Anna and Art [my dad] would often speak German to each other, which irritated my Mother [Ruth Lugg] because she thought they were talking about her. Anna didn’t really approve of their marriage, because she was Catholic and Ruth was Lutheran. Art was ex-communicated because he agreed to let my mom [Ruth] raise us children as Lutherans.
One day when we went to see Grandma, we weren’t allowed to see her ever again. I believe she died soon after that.. She was 82 when she died.
ELNORA & GEORGE
Elnora Schrader [my mother’s mother’s mother] was born in 1890 in Sheboygan, Wisconsin. I actually knew her; she was alive until I was a teen, and we knew her as “Nanna.” She lived in Milwaukee at that time, in an apartment, and had outlived both of her children. Daughter Ruth died accidentally after being given a drug to which she was allergic [See Generation Three, Maternal: Arthur & Ruth]. Son George was murdered while taking the day’s money from his gas station till to the bank. I hope I never have to find out, but I understand outliving your children is one of life’s greater traumas. She was one tough old broad, living well into her 90s and beating off inner city muggers with her cane.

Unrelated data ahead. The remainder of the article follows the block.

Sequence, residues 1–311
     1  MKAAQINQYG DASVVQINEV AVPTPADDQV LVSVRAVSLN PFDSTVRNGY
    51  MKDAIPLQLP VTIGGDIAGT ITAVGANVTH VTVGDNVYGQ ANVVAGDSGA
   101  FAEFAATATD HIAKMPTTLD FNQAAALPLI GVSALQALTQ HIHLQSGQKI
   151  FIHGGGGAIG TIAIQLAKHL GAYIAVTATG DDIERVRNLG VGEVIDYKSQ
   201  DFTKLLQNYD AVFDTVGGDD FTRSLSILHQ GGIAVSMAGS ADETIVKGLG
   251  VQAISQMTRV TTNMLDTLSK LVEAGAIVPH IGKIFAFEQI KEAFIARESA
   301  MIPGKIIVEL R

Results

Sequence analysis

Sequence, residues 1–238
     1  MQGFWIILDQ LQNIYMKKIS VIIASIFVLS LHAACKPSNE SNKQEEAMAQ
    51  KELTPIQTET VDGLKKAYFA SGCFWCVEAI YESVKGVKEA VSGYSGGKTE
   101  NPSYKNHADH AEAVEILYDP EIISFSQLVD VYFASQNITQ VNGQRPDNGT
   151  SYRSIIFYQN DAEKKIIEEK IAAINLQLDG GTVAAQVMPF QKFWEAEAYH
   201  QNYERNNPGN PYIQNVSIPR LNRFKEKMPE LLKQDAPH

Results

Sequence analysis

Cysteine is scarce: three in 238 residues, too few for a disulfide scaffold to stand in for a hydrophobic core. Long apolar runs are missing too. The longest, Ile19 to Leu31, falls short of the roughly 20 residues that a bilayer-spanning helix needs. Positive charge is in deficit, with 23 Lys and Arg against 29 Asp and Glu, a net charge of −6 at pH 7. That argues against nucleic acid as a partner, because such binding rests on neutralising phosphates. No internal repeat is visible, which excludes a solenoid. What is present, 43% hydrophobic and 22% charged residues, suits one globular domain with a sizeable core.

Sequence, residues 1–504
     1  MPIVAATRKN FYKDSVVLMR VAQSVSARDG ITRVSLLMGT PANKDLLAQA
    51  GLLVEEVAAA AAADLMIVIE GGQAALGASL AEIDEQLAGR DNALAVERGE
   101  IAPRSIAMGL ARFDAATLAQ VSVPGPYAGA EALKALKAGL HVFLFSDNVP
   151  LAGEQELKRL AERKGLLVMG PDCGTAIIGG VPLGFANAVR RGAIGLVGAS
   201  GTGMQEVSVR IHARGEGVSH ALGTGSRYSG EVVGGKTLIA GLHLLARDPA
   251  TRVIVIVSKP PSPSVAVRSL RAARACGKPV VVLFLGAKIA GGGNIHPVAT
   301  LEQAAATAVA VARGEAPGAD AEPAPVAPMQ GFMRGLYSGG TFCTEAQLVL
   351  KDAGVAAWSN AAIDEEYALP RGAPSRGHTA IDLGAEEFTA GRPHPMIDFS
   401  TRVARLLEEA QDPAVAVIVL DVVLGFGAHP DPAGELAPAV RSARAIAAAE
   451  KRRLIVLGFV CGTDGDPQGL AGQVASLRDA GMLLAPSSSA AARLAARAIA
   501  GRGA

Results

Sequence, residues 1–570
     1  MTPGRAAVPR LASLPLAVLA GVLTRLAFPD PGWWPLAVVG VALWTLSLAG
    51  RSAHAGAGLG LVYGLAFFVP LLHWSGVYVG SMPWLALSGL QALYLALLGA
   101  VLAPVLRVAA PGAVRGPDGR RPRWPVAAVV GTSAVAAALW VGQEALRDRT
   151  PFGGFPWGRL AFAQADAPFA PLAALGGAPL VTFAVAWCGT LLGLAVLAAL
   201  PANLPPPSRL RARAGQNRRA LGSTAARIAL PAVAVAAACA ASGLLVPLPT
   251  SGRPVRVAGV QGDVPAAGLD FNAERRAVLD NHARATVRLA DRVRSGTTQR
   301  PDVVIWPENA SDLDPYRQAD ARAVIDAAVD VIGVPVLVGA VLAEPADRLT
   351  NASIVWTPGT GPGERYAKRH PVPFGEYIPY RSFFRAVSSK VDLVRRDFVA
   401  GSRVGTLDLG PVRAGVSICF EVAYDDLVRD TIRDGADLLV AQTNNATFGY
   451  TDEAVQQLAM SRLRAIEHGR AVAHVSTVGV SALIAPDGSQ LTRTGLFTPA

I don’t know if Elnora passed a happy childhood, but by the time she married George Clish in 1910, her life had definitely taken a turn onto a hard road.
A little over three years and two children into the marriage, she filed for divorce. The reasons for the divorce are cited in the Winnebago County case file #2656, Eleanor Clish vs. George Clish: